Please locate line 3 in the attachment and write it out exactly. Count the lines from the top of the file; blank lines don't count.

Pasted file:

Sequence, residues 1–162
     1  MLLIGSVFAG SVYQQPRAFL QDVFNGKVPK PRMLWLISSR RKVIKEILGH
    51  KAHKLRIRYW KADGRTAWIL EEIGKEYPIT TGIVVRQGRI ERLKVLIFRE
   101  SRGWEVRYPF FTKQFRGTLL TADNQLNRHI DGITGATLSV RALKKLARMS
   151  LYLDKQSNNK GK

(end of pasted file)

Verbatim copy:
    51  KAHKLRIRYW KADGRTAWIL EEIGKEYPIT TGIVVRQGRI ERLKVLIFRE